Lessons, A Niche, and Our Dev Community
...and, we're back.
I feel bad that I started this blog, got people excited, then fizzled out for nearly two months. I'm sorry; I got a new day time job, and it took me a while to settle into a groove.
That, and I had some decisions to make with regards to my other software project. OneBody is my five-year-old Ruby on Rails app and commercial SaaS that attempted to solve all the wrong problems. Well, not really all wrong, but probably mostly wrong (more about that in a bit).
I built OneBody as a social network, perceived by many as a church-flavored Facebook competitor. Then, in ignorance, I started to morph OneBody into a sort of Church Management System. And by the time I had written thousands upon thousands of lines of code, I realized (a little too late) I was writing software no one needed and no one knew exactly how to use.
I'm not beating myself up too much here -- I wouldn't trade the experience for anything. I've learned about how to (and how not to) manage an open source project and how to run a business.
But the biggest lessons I'm still trying to put into words, and that's probably where Church.IO comes into play the most.
You see, in this blog, I speak as an addict. I am indeed one of the engineers/product designers of whom I have spoken most in my previous two posts. My hints at Software Predetermination are based completely in my own experience.
Perhaps it isn't fair to project my experience onto other projects I know little about. Kingsley Allen commented on my last post, saying:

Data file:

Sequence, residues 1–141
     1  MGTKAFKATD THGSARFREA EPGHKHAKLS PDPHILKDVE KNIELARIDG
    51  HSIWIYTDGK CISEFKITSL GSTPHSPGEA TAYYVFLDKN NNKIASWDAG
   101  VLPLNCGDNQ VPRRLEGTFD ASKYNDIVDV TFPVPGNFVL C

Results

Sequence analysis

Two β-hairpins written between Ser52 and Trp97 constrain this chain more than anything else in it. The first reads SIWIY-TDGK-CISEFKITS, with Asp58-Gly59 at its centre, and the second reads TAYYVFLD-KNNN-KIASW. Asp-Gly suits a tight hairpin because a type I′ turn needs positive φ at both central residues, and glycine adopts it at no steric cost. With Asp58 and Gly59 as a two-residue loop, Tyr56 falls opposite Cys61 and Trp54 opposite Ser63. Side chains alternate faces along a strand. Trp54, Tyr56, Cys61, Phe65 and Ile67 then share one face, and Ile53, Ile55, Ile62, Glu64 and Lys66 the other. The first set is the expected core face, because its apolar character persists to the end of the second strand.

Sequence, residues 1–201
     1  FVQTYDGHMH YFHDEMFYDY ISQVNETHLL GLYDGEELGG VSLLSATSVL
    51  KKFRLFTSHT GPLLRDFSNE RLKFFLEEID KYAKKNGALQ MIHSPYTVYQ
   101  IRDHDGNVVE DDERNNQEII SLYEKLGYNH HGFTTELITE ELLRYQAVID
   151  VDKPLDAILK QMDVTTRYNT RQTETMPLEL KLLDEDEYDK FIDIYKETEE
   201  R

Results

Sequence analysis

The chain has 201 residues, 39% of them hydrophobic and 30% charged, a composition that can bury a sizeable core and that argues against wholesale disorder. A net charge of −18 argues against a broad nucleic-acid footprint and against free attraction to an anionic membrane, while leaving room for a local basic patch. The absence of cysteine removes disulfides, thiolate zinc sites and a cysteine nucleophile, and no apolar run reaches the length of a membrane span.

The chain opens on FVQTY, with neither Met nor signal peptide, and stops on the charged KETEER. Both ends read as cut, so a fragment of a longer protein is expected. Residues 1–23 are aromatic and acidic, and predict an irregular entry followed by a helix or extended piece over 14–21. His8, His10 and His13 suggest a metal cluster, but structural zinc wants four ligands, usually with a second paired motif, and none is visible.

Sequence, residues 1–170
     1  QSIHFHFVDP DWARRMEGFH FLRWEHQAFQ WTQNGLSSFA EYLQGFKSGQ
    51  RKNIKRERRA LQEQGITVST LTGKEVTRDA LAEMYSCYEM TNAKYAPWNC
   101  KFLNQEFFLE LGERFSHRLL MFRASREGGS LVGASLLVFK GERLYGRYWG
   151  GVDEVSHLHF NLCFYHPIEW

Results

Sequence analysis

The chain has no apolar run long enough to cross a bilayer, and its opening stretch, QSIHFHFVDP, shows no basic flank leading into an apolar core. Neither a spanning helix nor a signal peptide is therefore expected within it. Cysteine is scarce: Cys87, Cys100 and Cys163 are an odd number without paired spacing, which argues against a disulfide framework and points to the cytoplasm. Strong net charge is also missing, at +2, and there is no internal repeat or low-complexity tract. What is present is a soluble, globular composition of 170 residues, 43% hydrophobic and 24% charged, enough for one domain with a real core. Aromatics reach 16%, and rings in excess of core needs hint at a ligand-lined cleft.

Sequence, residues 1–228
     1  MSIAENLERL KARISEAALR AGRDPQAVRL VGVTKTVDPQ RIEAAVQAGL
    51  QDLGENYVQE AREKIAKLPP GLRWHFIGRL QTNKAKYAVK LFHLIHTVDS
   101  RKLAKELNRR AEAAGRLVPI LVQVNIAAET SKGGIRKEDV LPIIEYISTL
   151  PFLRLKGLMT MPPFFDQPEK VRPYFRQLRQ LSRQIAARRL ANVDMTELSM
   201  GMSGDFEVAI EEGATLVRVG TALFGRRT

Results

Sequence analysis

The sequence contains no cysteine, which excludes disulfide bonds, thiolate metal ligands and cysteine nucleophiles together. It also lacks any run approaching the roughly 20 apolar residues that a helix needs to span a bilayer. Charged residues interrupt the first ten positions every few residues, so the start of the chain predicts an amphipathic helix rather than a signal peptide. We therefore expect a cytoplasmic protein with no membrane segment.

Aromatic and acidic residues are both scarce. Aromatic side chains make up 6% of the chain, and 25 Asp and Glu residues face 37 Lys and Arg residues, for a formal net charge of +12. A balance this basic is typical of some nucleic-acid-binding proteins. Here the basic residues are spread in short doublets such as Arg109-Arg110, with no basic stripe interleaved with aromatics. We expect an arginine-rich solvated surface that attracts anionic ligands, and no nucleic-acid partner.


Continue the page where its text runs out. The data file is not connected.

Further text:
You describe a from-scratch ChMS creation process that I hope does not happen often in the real world today. A contemporary, mature software creation process is not bottom-up. You start with the problem you are trying to solve, design the solution to the problem and the experience (UX), and the rest falls into place to support it. The database is not the starting point, it is shaped by the solution.
Fair enough. I hope that's right.
Still yet, I want to explore the limitations imposed by building software on top of a relational database and what kind of (different) types of software one can build on a NoSQL or Document Database. What sorts of issues, if any, does such a foundation eliminate, and what problems does it create?
And, with that, I need to come full circle, back to my project OneBody. For all intents and purposes, I have shut the project down in order to focus on the sorts of software I've talked about in this blog. Sort of...
I've realized also that there is a small part of OneBody that I don't want to completely throw away and may actually be useful to thousands of churches across the world -- an online directory. Not a replacement for Facebook, but something to work alongside it and provide an umbrella for any church or close-knit community to search and connect with one another outside of the noisy and busy world of Facebook.
So, I've created Church.IO Profiles in order to preserve that one good part of OneBody. This new project aims to be a very small Rails 3 app that uses Facebook for login and allows fellow church members to see and connect with one another easily.
Profiles may not be necessary at all if Facebook just had better and easier-to-use Groups functionality. Until it does, I hope to fill that niche with a church bent.
Our Dev Community
Further, I feel like the OneBody project had a community of developers who wanted to jump in and make the software better, but couldn't figure out where to start. Profiles is a continuation of this community, with fresh code.
I want to nurture this community. Down the road, I'm hoping this same community, bigger and stronger, can help build the engagement software I really want us to build.
So, that's it for now. My plan is to continue to discuss church software here while promoting community around Church.IO projects, namely Profiles at the moment.